Rainforest Trust would like to celebrate this World Turtle Day by highlighting the recently expanded Geometric Tortoise Preserve and our long-time partner South African Tortoise Conservation Trust (SATCT). The hard work and dedication of SATCT staff, many of whom serve as Rainforest Trust Guardians, make the ongoing protection of tortoise habitat possible. The preserve is home to 25% of the remaining species population.
In 2015, we worked with SATCT to designate the 810-acre Geometric Tortoise Preserve to safeguard shrubland for the Critically Endangered Geometric Tortoise. Before the preserve was created, nearly 95% of the species’ habitat was lost to metropolitan development and agricultural encroachment from ranches and vineyards. This land transformation left the Geometric Tortoise population dwindling at fewer than 1,000 individuals. Both the species and land would have continued to degrade without protection. So Rainforest Trust supported the founding of the preserve, and this month, we helped SATCT expand the protected area by an additional 49 acres.
The newly expanded preserve requires a large amount of maintenance from staff. Invasive tree species often make their way into the habitat, which is detrimental to native plants and wildlife that rely on them. Hermanus van der Ross and the other Rainforest Trust Guardians commit their time to clearing these trees and their seeds before the rainy season, which allows for the region’s natural vegetation to thrive. “We burned the alien trees after cleaning them from the habitat. That way, when the rainy season starts, the Fynbos starts to come back and grow,” said Ross.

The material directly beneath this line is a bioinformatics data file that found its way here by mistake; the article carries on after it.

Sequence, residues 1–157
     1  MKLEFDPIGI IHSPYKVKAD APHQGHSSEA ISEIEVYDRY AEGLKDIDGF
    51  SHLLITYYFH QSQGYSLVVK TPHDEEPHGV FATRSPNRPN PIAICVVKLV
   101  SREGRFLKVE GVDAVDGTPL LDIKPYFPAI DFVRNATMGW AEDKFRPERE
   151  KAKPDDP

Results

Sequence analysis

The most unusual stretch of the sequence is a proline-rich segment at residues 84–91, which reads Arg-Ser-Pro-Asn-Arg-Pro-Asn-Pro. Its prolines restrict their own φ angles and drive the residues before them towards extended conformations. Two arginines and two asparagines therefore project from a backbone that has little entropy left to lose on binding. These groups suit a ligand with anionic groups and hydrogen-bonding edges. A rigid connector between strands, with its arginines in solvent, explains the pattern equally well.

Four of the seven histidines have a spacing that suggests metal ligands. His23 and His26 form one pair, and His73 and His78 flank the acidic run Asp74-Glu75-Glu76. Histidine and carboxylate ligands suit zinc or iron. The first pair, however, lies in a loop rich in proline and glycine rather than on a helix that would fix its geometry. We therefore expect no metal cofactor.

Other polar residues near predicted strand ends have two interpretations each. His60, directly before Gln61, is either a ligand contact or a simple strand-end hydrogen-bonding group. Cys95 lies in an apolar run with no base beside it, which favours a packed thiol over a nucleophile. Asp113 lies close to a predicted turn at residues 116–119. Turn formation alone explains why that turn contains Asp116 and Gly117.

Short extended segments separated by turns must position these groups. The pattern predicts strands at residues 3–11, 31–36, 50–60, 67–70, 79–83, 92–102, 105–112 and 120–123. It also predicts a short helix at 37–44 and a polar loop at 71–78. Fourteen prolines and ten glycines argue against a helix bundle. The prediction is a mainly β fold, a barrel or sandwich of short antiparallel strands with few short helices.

A significant portion of the unique Fynbos ecosystem lies within the preserve. The Fynbos is small lush belt of shrubland that sits on the Western and Eastern capes of South Africa. Known for its exceptional biodiversity, it is home to many rare and threatened plant species and other wildlife. Over 9,000 plant species live in the Fynbos and more than two-thirds of them are found nowhere else on Earth. Less than half of the original Fynbos remains intact today, making the preserve and the people who work to protect it crucial to ecosystem survival.
Guardian Pieter Jack is passionate about conservation in the area and maintaining it for years to come. “It makes me proud to help in conservation and to protect the tortoises and field,” said Jack. “We had to see that this area must be managed and the flora and fauna must be protected for the next generation.”
A collection of photos from the Geometric Tortoise Preserve. Photos by SATCT.
Header image: A Geometric Tortoise on the preserve.